7 Ways Working Parents Can Make The Most Of Weeknight Evenings
How to make sure the limited weekday awake hours you have with your child are as quality as they possibly can be.
Prior to my son’s birth I was on the receiving end of a lot of advice. I was told by my mother how to swaddle a baby and by my grandmother how hold a newborn. Aunts and cousins shared tips about bedtime, bath time and tummy time. Other moms carting their little ones at Babies-R-Us told me which kinds of breast pads and bottle brushes were the best. Sometimes strangers on the street even offered unsolicited advice about more personal aspects of parenting, such as breast-feeding and post-delivery care. I thought I’d heard input about just about everything baby related until, almost nine weeks after my son was born, I headed back to work and realized that no one had told me how to make this “working parent” thing work .
I love being a mom and I love my job, but it felt like there were simply not enough hours in the day. I had about four and a half hours in the evening from the time I got home until my son went to bed and I wanted desperately for these hours to be full of quality time. After much trial and error, I’ve found a few ways to make sure the limited awake hours I have with my son are as quality as they possibly can be. I hope these tips help you cut some of stress out of the 6 p.m. scramble.
1. Never cook just one meal.
Sharing family dinner is important to me. I see dinner time as an opportunity to connect as a family, as well to help my son begin to develop life-long healthy eating habits. Unfortunately, cooking a high quality meal from start to finish often takes close to an hour. To eliminate this time crunch, I make sure to maximize the time I spend cooking by making meals that can be served more than once. When I make a pot of soup on Saturday or lasagna on Sunday, I double the recipe and freeze half, reheating the second portion on a weeknight when time is tight. Freezer meals are a great way to stay healthy and save time.
2. Find outings close to home.
When I first went back to work, I tried to make the evening fun by doing special things, such as going to the great park across town with the slide my son loved, or attending the music class that he adored. But these activities left me sitting in traffic until 7 p.m. I soon realized that I didn’t want to spend all of my mommy time behind the wheel, so I took out a pen and paper and wrote down all the great things within a five-minute drive of my house. My list includes a park, a library, a YMCA, a frozen yogurt shop and several great walking trails. The park isn’t the best one in town and there are other trails we like better, but I’ve found my son hardly notices the difference, and we find time to hit up our further away favorites on the weekends.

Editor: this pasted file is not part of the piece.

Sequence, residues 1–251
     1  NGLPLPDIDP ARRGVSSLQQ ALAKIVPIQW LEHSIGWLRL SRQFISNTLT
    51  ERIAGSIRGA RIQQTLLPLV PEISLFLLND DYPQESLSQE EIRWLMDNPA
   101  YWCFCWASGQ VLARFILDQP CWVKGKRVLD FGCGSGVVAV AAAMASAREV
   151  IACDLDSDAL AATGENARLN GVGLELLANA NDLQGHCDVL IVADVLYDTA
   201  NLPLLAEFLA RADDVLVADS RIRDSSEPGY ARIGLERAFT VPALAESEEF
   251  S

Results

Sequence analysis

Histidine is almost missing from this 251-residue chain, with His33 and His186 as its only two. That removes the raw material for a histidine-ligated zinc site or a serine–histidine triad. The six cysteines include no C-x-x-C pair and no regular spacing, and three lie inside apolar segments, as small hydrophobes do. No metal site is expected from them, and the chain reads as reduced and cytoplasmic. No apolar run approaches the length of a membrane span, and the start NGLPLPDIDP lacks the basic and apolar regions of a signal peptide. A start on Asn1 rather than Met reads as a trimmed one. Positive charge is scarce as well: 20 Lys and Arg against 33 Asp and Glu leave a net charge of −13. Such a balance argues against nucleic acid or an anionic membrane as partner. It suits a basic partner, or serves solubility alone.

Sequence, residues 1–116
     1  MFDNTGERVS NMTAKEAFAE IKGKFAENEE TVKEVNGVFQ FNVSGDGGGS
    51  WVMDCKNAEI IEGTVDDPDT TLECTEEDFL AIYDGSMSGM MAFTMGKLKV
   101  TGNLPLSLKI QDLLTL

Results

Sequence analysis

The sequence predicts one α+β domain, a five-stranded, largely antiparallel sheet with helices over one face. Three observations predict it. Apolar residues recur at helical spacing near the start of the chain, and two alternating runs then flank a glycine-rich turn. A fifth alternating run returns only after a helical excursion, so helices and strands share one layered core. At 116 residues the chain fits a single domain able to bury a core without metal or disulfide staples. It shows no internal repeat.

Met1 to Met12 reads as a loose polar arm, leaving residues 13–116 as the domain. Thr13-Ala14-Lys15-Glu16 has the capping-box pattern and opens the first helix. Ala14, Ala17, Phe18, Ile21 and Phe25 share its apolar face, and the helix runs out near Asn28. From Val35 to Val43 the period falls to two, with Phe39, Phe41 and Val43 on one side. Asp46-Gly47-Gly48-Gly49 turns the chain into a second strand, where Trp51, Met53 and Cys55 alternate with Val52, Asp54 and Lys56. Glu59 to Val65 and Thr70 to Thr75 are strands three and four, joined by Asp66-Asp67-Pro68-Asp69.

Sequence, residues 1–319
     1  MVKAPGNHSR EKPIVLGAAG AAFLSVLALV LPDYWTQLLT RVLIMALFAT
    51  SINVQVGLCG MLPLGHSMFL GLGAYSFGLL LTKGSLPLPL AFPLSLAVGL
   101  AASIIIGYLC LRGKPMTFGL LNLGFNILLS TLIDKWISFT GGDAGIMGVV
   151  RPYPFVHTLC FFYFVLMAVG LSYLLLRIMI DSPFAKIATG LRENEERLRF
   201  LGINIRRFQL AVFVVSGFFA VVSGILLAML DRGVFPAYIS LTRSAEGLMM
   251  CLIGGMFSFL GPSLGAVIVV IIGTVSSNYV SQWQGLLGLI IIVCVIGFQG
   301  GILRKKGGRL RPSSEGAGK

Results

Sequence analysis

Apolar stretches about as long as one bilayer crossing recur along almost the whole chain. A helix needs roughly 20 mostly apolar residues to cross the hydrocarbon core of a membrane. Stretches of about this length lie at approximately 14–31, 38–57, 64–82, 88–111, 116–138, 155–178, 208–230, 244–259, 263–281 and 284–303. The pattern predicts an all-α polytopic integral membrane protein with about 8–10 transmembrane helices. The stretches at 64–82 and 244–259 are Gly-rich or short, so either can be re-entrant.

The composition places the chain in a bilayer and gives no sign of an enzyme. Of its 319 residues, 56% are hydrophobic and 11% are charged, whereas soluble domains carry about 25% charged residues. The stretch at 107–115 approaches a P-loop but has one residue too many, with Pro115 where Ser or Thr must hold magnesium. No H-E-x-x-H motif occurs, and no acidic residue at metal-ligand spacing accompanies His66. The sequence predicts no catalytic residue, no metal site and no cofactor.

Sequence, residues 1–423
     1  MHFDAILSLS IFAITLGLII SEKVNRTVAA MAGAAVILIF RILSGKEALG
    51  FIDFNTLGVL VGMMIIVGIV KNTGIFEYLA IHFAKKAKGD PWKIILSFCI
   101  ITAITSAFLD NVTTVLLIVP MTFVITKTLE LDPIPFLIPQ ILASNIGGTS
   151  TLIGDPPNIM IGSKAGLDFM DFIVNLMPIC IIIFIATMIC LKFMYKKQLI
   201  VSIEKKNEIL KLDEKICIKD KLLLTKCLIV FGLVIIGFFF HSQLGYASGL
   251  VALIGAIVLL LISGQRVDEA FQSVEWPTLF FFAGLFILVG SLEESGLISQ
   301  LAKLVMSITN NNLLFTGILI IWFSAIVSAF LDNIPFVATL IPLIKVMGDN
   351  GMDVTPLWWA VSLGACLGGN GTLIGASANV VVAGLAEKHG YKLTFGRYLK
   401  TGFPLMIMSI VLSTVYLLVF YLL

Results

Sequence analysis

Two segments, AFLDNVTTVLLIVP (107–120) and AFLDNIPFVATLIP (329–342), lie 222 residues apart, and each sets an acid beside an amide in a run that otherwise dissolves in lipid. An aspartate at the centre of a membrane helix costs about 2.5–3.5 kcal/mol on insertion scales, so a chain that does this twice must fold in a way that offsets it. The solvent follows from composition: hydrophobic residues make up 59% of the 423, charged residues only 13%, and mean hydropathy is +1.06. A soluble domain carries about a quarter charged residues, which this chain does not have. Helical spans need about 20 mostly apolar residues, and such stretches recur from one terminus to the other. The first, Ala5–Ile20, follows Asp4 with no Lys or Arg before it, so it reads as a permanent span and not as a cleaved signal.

3. Minimize the time you spend doing chores.
While I was on maternity leave I was able to keep the house in pretty good shape. It was tough in the first few weeks, but soon I realized that I could pop my son in the Ergo baby carrier and do laundry and dishes for as long as I needed. As soon as I went back to work I realized that to keep our house as tidy as I wanted, I would have to spend nearly the whole evening cleaning instead of playing with my son. To solve this dilemma my husband and I agreed that we would each commit 30 minutes an evening, right after our son goes to bed, to cleaning — no more, no less. Limiting the time we spend cleaning helps us prioritize and, since we do it every night, the house actually stays in pretty good shape. Sweeping and vacuuming happen less often that they used to, and sometimes the pile of laundry in my son’s room gets dangerously high, but we are happy, my son is happy and the house looks absolutely OK.
4. Make the things you have to do be a great experience for your little one.
Even after adjusting your expectations and cutting out as many chores as you can, there are simply some things you must do. As frustrating as last-minute errands or unexpected messes can be, I work hard to view them as opportunities to get creative rather than as chores. A last-minute trip to the grocery store can become a lesson in colors, numbers, fruits and vegetables and a trip to the post office can become a game of “I Spy.” Kids often take our cues about what’s fun and what’s not. I’ve found that by keeping a positive attitude I can make nearly anything fun for my little guy.
5. Make bedtime special.
Early in my working-mom days, I dreaded my son’s bedtime. He wasn’t yet a reliable sleeper and all I saw as I tried to get him down was a ticking clock. With hard work though, I have transformed bedtime into a special time that my son and I both look forward to. Our routine is simple: a bath, a story a song and a cuddle, but these 30 minutes are often my most treasured of the day.
6. Minimize digital distraction.
When my husband and I arrive home from work, we place our phones in a basket in our front hall. They stay there until after my son is asleep. Making sure I’m fully present while I’m with my son helps to ensure that we are both getting the most out of our time together.
7. Keep a list quick, quality activities.
Weeknights are not the time for sprawling arts-and-crafts projects or for board games that take hours. Make the most of the 20 minutes it takes for dinner to bake or the 15 you have before bedtime by keeping a list of quick, quality activities and by keeping the supplies accessible. A few shorter activities that we love are playing in the water table, taking a walk around the block, painting with watercolors or Skyping with grandma and grandpa.
Julia Pelly has a master’s degree in public health and works full time in the field of positive youth development. She lives in east Charlotte with her husband and her son and is excitedly expecting another baby this winter.